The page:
If there is such a thing as a wonder plant, hemp is it.
The list of products that can be made with hemp is in the thousands (possibly tens of thousands!) and includes textiles, clothing, paper, plastic substitutes, fuel (bio-diesel), beauty and skin care products, sheets, bedding, towels, blankets, furniture, rope, canvas, carpet, home-building materials, and even cars.
The new law means that hemp will now be treated as an agricultural commodity instead of a “controlled substance” like marijuana.
One of the most promising benefits hemp has to offer is CBD.
Unfortunately, because hemp is a plant in the same family as marijuana, there is a stigma associated with it.
Despite the fact that no one has ever died of a cannabis overdose (hemp or marijuana – even the US Drug Enforcement Administration admits this), negative connotations and fears still surround the plants.
Why was growing hemp illegal in the US for so long?
Hemp was swept up in the War on Drugs because federal law did not differentiate it from other cannabis plants, all of which were effectively made illegal in 1937 under the Marihuana Tax Act and formally made illegal in 1970 under the Controlled Substances Act (this banned cannabis plants of any kind).
“The prohibition of hemp ranks among the most absurd and pointless laws our government passed in the twentieth century,” wrote Chris Calton in the article Ending the War on the Non-Drug Known as Hemp.
Prior to the War on Drugs, the US had a long history of hemp production, Calton explains:
Before governments arrested people for growing hemp, they used to fine farmers for not growing it. In the sixteenth century, King Henry VIII and Queen Elizabeth I fined English farmers who failed to contribute to the country’s hemp industry. In 1673, King Charles II instructed the Royal Governor of Virginia to impose the edict on the Virginia colonists. Hemp was particularly valuable to the Royal Navy, which used it for uniforms, ropes, and sails, among other things.
It is relatively common knowledge that several Founding Fathers of the United States grew hemp.
In the 1930s, Harry Anslinger, head of the Federal Bureau of Narcotics (the DEA’s predecessor) and America’s first drug czar, began pushing for the criminalization of cannabis plants.
In 1937, Anslinger got what he wanted. A cannabis criminalization law was passed.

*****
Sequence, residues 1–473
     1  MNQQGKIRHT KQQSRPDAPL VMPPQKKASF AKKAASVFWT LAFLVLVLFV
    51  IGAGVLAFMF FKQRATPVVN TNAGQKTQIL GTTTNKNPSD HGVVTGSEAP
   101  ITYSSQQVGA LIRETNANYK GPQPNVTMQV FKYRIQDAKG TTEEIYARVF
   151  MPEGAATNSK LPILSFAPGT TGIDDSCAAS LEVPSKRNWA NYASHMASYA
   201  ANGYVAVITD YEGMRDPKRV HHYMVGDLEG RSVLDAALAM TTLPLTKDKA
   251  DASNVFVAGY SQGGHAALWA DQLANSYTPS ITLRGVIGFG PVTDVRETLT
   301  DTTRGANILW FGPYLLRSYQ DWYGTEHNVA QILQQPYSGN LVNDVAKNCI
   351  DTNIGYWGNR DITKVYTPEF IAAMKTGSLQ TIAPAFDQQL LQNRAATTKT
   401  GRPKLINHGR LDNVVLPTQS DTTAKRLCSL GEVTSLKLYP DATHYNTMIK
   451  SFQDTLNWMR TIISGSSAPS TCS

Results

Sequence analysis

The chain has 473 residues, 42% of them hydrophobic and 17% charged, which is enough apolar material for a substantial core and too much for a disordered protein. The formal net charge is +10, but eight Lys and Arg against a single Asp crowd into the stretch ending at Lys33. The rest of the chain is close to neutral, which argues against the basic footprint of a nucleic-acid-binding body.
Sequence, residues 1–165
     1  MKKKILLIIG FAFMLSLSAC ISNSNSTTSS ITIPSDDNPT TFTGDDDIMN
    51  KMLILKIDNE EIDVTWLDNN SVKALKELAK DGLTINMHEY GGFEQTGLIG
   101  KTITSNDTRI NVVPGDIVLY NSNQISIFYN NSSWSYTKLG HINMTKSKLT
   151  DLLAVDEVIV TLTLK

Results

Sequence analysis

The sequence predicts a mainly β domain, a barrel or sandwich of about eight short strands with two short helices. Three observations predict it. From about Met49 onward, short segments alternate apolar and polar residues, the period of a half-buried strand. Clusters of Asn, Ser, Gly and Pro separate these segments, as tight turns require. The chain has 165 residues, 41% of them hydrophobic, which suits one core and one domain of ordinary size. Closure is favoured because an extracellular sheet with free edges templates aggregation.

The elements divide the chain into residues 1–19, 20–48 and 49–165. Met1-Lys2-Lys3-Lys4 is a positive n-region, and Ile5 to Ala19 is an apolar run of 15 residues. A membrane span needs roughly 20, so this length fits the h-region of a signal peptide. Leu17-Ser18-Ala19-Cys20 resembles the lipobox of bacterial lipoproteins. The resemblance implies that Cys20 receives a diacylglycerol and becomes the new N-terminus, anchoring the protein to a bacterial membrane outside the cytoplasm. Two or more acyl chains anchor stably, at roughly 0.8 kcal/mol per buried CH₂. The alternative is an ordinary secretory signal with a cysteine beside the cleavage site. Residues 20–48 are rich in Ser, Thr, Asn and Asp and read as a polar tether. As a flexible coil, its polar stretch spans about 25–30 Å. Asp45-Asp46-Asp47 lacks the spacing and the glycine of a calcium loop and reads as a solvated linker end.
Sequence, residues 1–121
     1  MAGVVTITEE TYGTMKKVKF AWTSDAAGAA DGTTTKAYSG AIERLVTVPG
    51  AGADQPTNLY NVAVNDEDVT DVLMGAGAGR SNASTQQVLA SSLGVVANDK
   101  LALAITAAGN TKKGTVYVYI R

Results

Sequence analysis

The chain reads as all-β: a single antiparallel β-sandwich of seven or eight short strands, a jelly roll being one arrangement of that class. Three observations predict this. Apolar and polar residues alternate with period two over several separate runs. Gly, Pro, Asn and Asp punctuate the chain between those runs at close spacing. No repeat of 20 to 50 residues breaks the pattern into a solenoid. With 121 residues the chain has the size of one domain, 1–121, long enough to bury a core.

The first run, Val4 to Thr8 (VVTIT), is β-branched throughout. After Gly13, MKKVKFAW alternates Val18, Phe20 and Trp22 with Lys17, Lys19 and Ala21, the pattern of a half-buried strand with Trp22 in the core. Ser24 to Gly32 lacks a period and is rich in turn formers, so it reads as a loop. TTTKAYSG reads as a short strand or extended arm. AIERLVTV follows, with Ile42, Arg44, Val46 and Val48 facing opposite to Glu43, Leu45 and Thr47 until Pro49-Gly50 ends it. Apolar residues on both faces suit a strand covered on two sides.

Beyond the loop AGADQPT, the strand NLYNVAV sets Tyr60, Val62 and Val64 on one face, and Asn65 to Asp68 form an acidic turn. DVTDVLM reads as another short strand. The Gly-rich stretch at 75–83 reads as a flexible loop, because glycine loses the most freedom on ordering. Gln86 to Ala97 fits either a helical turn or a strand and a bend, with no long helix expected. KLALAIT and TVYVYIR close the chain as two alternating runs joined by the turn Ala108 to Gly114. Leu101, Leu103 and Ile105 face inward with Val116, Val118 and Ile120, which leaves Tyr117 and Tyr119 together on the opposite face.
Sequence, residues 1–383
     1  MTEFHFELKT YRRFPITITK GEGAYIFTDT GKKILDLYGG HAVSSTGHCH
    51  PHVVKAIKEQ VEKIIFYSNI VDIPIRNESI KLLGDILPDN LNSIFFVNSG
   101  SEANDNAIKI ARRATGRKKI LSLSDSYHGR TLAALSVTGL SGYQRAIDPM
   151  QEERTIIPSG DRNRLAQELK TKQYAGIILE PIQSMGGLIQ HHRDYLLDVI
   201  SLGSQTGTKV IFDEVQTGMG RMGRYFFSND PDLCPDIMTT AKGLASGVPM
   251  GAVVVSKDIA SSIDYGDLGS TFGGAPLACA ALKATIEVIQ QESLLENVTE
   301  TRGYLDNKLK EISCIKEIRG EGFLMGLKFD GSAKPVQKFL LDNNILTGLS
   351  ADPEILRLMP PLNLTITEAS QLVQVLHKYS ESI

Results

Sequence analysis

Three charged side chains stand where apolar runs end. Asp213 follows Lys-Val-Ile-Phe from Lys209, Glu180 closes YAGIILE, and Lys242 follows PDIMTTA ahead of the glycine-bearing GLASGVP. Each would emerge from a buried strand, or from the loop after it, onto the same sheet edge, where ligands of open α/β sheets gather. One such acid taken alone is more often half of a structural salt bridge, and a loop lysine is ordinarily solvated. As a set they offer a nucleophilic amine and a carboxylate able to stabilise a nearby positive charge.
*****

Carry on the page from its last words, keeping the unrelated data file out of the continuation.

Some were concerned – and rightfully so – that the law would be used to shut down the hemp industry:
Anslinger promised that his men would leave industrial hemp alone.
Anslinger lied. When the United States entered World War II at the end of 1941, the hemp industry had been completely wiped out.
The problem now was that the US military needed hemp, and a lot of it. Military and naval technology may have come a long way since Henry VIII issued his compulsory hemp-growing edict to support the Royal Navy of the sixteenth century, but hemp fibers retained a multitude of uses. And going into the biggest military conflict of the twentieth century, the US had no domestic source of hemp, despite a centuries-long tradition of producing it.
It gets even more convoluted:
In response, the same government that empowered Anslinger to completely destroy the hemp industry now approved funding for enormous subsidies to American farmers to restart the hemp industry that had been flourishing without subsidies only five years earlier.
To remind them that hemp-growing was their patriotic duty, the government even commissioned a propaganda film entitled Hemp for Victory.
But after the war, the benefits of hemp production were forgotten, and Anslinger ordered the destruction of the government-subsidized hemp industry.
“At the cost of millions of taxpayer dollars, his crusade to eradicate the evils of marijuana amounted to little more than the destruction of the low-THC outgrowth of industrial hemp,” Calton explains.
Indeed, it is a shame that the influence of one man – a man who either did not understand the differences between hemp and marijuana or simply did not care – deprived people of the incredible benefits of hemp for so many years.
Thankfully, the tides have finally turned, and a growing body of research is revealing the expansive health benefits of hemp.
This article was originally published at Ready Nutrition on January 23rd, 2019
Sorry, the comment form is closed at this time.